The phenomenon of forcing young girls to marry hasn't stopped and we hear sad stories every day. We want that to change - and believe that change is within our grasp... Women shouldn't have to be victims. I suffered domestic violence but now I'm speaking out. I refuse to live under the ruins of my past.
Berlin's ninth annual Festival of Lights kicked off last week, one of the best-known illumination festivals in the world, running from October 9 to October 20.
An eerie calm descends over Al Waer, an outer suburb of Homs, as we enter an area that is home to some 400,000 people caught in the middle of on-going conflict. I am part of a joint mission, including UNICEF, WFP, OCHA, UNDSS, and the Syrian Arab Red Crescent, here to access the humanitarian situation.
Scolastica, a 33-year-old single mother and urban chicken farmer in Tanzania, set up her poultry business in 2005, itself a brave step for a woman to make in such a patriarchal society. Things ticked along relatively well. But when three years ago, a virus swept through her flock and killed 600 of her 900 birds in less than a week - even someone with the drive and determination of Scolastica thought her dream was over. That's when Comic Relief stepped in and her luck began to change.
Visualise dolphins jumping and performing tricks for tourists as they clap and cheer. Children laughing as their parents sit nearby. Then visualise the fresh scent of newly spilled blood, the screams of mothers as their babies are ripped from their sight and dead bodies being dragged away one by one.
One percent of the world's population own half of the world's wealth. Meanwhile, the poorest people on earth, who constitute two thirds of the world's population, own just 3% of the world's wealth. This is clearly nuts. This hasn't happened overnight. The global disparity between incomes has been spiralling out of control over the last few decades.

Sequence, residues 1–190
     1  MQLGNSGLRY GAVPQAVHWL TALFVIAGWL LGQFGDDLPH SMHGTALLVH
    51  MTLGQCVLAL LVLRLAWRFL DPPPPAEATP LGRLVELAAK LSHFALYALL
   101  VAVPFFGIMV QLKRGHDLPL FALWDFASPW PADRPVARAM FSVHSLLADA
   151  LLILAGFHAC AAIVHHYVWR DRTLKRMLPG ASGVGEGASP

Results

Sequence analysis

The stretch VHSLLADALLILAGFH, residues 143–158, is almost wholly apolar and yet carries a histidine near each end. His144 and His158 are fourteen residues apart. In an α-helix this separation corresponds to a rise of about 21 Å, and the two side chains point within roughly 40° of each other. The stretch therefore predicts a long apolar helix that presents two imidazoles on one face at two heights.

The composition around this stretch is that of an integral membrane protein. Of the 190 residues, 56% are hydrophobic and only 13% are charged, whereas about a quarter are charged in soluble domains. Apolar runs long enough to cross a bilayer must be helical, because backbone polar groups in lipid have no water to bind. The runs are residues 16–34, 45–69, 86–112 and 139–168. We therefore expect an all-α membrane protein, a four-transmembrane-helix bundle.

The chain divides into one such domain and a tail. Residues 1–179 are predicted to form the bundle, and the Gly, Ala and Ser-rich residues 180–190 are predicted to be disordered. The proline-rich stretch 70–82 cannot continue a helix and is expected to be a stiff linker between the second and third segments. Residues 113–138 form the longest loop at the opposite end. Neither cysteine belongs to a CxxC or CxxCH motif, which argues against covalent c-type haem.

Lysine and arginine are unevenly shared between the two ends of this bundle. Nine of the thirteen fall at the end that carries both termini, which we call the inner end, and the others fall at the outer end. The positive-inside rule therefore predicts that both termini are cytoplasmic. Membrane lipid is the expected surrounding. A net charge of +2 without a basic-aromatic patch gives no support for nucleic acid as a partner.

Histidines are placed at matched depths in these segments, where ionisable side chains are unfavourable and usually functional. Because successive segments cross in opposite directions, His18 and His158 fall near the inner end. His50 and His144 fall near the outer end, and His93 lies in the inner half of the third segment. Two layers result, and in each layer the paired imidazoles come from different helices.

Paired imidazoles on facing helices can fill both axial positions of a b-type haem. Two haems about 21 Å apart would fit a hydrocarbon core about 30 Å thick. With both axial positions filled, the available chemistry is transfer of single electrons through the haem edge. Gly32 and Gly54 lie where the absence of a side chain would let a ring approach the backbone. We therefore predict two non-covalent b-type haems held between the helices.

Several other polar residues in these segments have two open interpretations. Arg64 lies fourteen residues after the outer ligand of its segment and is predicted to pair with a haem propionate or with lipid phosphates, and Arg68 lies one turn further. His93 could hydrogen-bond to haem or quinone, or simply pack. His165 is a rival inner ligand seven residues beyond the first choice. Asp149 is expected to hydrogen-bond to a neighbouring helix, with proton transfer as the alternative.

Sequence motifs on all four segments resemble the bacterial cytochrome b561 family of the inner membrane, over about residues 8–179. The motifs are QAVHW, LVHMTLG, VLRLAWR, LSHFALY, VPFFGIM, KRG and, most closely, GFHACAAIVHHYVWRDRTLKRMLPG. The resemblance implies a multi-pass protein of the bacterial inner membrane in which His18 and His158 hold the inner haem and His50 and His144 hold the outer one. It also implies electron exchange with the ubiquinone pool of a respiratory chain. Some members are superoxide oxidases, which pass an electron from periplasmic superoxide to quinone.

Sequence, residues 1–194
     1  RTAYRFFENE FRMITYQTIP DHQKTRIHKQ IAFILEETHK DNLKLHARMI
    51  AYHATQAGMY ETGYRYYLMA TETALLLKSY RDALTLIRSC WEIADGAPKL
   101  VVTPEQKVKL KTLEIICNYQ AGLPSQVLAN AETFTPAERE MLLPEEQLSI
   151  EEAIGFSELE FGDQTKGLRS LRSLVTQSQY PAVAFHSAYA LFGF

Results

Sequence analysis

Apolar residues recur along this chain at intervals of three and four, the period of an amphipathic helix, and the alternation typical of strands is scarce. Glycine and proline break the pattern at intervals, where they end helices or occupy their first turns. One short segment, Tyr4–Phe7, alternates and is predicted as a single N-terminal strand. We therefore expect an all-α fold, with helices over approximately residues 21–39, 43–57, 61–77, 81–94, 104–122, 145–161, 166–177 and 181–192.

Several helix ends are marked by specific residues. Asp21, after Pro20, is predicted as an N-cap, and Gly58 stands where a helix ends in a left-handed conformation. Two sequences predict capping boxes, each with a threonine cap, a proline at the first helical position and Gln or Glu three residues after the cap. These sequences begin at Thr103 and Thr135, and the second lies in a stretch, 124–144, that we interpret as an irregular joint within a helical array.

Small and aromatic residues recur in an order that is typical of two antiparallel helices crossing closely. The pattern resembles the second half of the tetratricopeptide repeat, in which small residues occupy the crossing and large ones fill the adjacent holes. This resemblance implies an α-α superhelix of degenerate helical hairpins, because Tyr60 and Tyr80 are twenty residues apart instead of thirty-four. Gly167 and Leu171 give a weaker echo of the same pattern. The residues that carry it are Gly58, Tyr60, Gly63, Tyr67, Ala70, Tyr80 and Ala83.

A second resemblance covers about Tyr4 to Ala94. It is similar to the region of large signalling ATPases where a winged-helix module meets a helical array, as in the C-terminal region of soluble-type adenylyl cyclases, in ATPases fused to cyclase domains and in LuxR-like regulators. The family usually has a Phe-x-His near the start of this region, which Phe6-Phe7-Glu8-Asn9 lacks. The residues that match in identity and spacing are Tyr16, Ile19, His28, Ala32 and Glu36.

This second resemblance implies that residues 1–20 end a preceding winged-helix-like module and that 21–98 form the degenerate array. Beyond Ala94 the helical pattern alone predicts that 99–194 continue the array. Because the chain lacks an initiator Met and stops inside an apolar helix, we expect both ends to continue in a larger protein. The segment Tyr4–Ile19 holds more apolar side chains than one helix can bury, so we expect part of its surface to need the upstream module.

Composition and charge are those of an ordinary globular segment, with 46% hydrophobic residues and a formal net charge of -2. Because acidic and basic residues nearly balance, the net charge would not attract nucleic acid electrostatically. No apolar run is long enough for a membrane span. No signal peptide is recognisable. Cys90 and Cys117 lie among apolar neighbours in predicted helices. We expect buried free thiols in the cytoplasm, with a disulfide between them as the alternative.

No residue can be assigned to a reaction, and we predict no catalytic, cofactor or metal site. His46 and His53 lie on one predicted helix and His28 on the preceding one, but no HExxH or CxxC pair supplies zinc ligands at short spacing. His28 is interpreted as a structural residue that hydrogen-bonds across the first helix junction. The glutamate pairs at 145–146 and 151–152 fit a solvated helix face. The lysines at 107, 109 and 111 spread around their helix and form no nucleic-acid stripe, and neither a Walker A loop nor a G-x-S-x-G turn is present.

A new Amnesty report paints a bleak picture of Muslim mobs smashing their way into Coptic Christian churches in Upper Egypt this August. The attackers, sometimes hundreds strong, beat up worshippers and church staff, stripped out all the valuables (right down to air conditioning units and electric cables) and then burnt buildings to the ground.
News of the abduction of Libya's Prime Minister, Ali Zeidan, recently made the headlines around the world. The former human rights lawyer, who for decades fought against Qaddafi's regime from his exile in Geneva, was being held captive by a militia that supposedly is allied to his own government. How did such an absurd situation come about?
The agreement brokered between the USA and Russia on the transfer and destruction of Syria's chemical weapons by mid 2014 is not just ambitious, but almost certainly unachievable... The logistical challenge of disarming a regime of chemical weapons whilst it is fighting a brutal civil war are extremely daunting.
A little over a year ago I highlighted the work of PAWA, the Pan Asian Women's Association, which focuses on global development and girls' and women's empowerment across multiple territories. By raising and carefully apportioning funds for credible, manageable-scale local charities, PAWA's work covers 30 countries from Iran to Japan, Indonesia to Kazakhstan.
It's been a good year so far for BLUE Marine Foundation, the UK-based ocean conservation charity I'm involved with. In fact, it's been a good three years since startup. And this week was no exception: I felt a big flicker of pride when I saw the fantastic partnership that BLUE has developed with Kenzo come to life on the catwalk at Paris Fashion Week on Monday.